Definition of racism expanded after 22-year-old’s email

Two months ago today, Merriam-Webster posted an updated and expanded definition of “racism,” a change prompted by a new college graduate.

The addition was proposed by Kennedy Mitchum, 22, a 2020 Drake University major in public relations and law; politics and society. She told the BBC, “I was just speaking on my social media about racism and just about how the things I was experiencing in my own school and my own college. There were a lot of things that were racist but it wasn’t as blatant.”

Merriam-Webster logo

Merriam-Webster to expand definition of racism

Some people on social media told Mitchum she was misunderstanding the meaning of the word and she could stick that in her Merriam-Webster. So, she looked it up. And then, on May 28, she emailed Merriam-Webster. Mitchum wrote that racism is “both prejudice combined with social and institutional power. It is a system of advantage based on skin color.”

The next day, an editor wrote that Merriam-Webster would investigate the definition.

On Sept. 3, the new definition of racism was posted without fanfare.

There was Mitchum’s definition: 2 A: the systemic oppression of a racial group to the social, economic, and political advantage of another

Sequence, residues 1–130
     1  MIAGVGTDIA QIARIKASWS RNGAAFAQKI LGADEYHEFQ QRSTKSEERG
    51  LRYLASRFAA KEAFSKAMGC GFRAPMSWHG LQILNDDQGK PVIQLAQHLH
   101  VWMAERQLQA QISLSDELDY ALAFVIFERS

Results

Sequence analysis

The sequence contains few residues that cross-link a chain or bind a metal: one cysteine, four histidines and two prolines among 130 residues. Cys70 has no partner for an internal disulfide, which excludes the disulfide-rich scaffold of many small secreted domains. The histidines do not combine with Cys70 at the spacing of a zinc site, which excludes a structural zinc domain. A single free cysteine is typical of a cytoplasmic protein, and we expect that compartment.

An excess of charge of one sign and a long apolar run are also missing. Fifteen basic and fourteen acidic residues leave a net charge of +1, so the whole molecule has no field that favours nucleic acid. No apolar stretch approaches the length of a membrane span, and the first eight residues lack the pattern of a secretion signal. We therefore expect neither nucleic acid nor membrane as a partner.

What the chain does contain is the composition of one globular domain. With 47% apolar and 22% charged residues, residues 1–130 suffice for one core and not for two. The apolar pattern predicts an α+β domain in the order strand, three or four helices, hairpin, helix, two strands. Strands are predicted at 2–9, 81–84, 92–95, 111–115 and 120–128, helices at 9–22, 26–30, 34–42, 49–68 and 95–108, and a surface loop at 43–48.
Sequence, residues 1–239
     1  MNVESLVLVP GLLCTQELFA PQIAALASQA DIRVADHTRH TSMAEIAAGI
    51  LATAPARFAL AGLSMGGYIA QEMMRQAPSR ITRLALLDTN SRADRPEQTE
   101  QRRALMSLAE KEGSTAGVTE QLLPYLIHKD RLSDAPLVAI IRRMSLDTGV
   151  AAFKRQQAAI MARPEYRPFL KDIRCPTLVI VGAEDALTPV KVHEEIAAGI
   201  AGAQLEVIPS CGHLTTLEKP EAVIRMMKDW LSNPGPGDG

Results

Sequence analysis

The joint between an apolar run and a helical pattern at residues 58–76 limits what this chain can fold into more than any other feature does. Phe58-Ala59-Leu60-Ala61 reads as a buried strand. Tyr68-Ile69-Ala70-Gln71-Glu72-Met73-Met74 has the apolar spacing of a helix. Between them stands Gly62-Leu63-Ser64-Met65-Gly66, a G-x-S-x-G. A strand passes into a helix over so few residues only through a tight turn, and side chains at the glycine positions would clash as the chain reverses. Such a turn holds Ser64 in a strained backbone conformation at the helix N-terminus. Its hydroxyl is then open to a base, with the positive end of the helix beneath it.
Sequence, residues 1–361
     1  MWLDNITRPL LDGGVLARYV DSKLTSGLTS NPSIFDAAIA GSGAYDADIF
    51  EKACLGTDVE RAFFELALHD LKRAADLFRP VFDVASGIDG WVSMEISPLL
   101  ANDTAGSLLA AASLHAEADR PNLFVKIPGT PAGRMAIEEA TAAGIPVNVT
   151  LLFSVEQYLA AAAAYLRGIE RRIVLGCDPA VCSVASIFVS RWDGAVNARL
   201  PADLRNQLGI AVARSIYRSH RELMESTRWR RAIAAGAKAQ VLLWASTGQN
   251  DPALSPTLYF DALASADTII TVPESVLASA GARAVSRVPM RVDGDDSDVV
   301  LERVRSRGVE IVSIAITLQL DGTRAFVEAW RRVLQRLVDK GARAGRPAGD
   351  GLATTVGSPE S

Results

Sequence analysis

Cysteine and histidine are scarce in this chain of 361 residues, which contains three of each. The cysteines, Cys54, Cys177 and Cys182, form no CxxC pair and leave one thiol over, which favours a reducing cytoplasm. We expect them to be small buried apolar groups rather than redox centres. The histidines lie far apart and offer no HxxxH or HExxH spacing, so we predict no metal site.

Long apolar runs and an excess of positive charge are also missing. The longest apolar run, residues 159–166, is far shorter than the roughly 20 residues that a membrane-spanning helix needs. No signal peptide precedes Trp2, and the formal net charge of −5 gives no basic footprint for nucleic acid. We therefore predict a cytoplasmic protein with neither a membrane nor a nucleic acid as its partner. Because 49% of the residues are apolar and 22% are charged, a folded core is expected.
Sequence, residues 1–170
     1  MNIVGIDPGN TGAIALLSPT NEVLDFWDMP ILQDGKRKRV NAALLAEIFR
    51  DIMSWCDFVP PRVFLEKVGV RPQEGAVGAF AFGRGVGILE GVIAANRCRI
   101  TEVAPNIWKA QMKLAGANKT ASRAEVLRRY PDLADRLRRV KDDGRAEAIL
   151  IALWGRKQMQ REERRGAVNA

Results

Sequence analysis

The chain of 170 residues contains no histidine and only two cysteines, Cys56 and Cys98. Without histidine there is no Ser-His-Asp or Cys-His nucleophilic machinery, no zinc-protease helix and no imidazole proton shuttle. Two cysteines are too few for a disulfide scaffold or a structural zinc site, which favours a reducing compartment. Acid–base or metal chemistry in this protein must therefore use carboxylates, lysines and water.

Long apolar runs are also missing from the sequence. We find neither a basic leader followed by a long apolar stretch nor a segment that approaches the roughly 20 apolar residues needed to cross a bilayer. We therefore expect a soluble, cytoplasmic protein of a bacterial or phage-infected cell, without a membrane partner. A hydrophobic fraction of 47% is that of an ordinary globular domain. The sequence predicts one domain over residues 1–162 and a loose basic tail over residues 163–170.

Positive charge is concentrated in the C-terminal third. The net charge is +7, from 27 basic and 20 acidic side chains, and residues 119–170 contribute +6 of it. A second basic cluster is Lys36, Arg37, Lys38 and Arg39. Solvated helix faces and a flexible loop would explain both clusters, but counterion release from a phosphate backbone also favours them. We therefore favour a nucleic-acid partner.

Today, Mitchum is a diversity fellow at the public relations and communications firm FleishmanHillard.

Michigan State University college students had a very similar conversation about the definition of racism as they were creating the guide, “100 Questions and AnswersAbout African Americans.” It became several entries in the guide. One is:

What is systemic racism?
This term describes social values that support personal and institutional discrimination. As a social concept, systemic racism explains how people of color must adapt to a society not built for them, while White people readily fit in.

But Mitchum got the definition changed.

“100 Questions and Answers About African Americans” is available from Amazon or the Front Edge Publishing bookstore.

This entry was posted in African Americans, Ethnicity & Race, Race. Bookmark the permalink.

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